One of those exceptions concerns communications between clients and non-lawyer agents or contractors of the attorney, as communications to an attorney’s agent or contractor at the behest of the attorney can be for the purpose of obtaining legal advice. The court in YKK explained that this exception applies differently in the context of corporations. To this end, the court noted that the United States Supreme Court in Upjohn Co. v. United States , 449 U.S. 383 (1981), rejected the “control group” test for the attorney-client privilege, which applied the privilege only to a company’s top executives, finding that an “attorney’s advice will also frequently be more significant to noncontrol group members than those who officially sanction the advice, and the control group test makes it more difficult to convey full and frank legal advice to the employees who will put into effect the client corporation’s policy.” Based on this principle, courts have determined that “the distribution within a corporation of legal advice received from its counsel does not, by itself, vitiate the privilege.”

Another exception the court discussed concerns the common interest rule. To protect a privileged communication under the common interest rule, a party must show that “(1) the party who asserts the rule must share a common interest with the party with whom the information was shared and (2) the statements for which protection is sought [must have been] designed to further that interest.” The common interest must be legal in nature, not commercial. The court went on to hold, however, that the common interest need not be “identical,” as such a stringent test would “unduly hamper the purpose of the common interest rule.” In reaching this conclusion, the court noted that it is “commonplace that parties may engage in a ‘common legal strategy’ without having an exactly identical interest in the outcome of the litigation” and the “joint endeavor is not diminished solely because, in the final instance, the remedies that they derive from the litigation differ.” The court concluded that “[t]he key question is whether the parties are collaborating on a legal effort that is dependent on the disclosure of otherwise privileged information between the parties or their counsel.”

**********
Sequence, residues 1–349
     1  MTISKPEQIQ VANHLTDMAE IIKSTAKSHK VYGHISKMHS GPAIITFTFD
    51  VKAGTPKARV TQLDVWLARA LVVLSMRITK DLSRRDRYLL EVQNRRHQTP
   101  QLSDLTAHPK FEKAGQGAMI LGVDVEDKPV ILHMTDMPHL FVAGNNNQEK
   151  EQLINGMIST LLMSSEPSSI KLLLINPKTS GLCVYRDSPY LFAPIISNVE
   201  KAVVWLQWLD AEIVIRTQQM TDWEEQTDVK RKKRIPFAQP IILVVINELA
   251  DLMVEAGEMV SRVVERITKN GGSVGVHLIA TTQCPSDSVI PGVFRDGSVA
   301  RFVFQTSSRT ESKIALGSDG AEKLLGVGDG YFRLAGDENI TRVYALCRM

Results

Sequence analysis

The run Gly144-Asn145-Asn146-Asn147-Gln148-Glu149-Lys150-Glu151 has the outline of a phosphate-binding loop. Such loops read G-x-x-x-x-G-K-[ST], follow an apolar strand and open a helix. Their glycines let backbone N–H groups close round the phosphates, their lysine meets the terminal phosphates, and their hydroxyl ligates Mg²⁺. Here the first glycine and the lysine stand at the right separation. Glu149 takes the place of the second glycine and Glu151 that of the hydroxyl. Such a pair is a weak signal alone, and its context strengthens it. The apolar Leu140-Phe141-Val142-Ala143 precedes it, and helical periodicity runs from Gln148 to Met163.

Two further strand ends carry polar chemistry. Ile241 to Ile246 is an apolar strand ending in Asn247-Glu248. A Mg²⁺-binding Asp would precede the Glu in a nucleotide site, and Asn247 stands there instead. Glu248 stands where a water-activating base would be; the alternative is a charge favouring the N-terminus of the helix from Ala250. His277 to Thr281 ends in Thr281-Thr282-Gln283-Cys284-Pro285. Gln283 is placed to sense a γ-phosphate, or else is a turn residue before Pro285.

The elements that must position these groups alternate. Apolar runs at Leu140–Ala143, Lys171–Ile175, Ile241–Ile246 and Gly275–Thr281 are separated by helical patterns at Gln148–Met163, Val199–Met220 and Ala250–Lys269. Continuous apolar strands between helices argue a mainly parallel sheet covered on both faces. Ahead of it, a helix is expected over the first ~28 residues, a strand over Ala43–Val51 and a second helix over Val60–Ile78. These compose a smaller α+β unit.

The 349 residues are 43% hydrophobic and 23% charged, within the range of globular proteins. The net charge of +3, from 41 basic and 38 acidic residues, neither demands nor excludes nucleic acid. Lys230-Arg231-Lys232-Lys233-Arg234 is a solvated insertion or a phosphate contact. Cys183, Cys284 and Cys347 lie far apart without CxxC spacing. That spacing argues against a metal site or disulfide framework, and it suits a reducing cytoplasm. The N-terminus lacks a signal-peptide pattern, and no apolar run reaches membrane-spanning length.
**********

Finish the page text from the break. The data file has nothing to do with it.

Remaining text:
The court then proceeded to evaluate whether the attorney-client privilege applied to a number of documents, only some of which will be addressed here.

One email the court examined was from the Stuart Press, President of Uretek, to an employee of the company (not described or otherwise identified as an executive) concerning a patent application. The email from Press had forwarded an email from the company’s attorney to Press that described the patent application, which the court found to be a privileged communication. In this instance, without much explanation, the court found that forwarding the email to the company employee did not waive the privilege.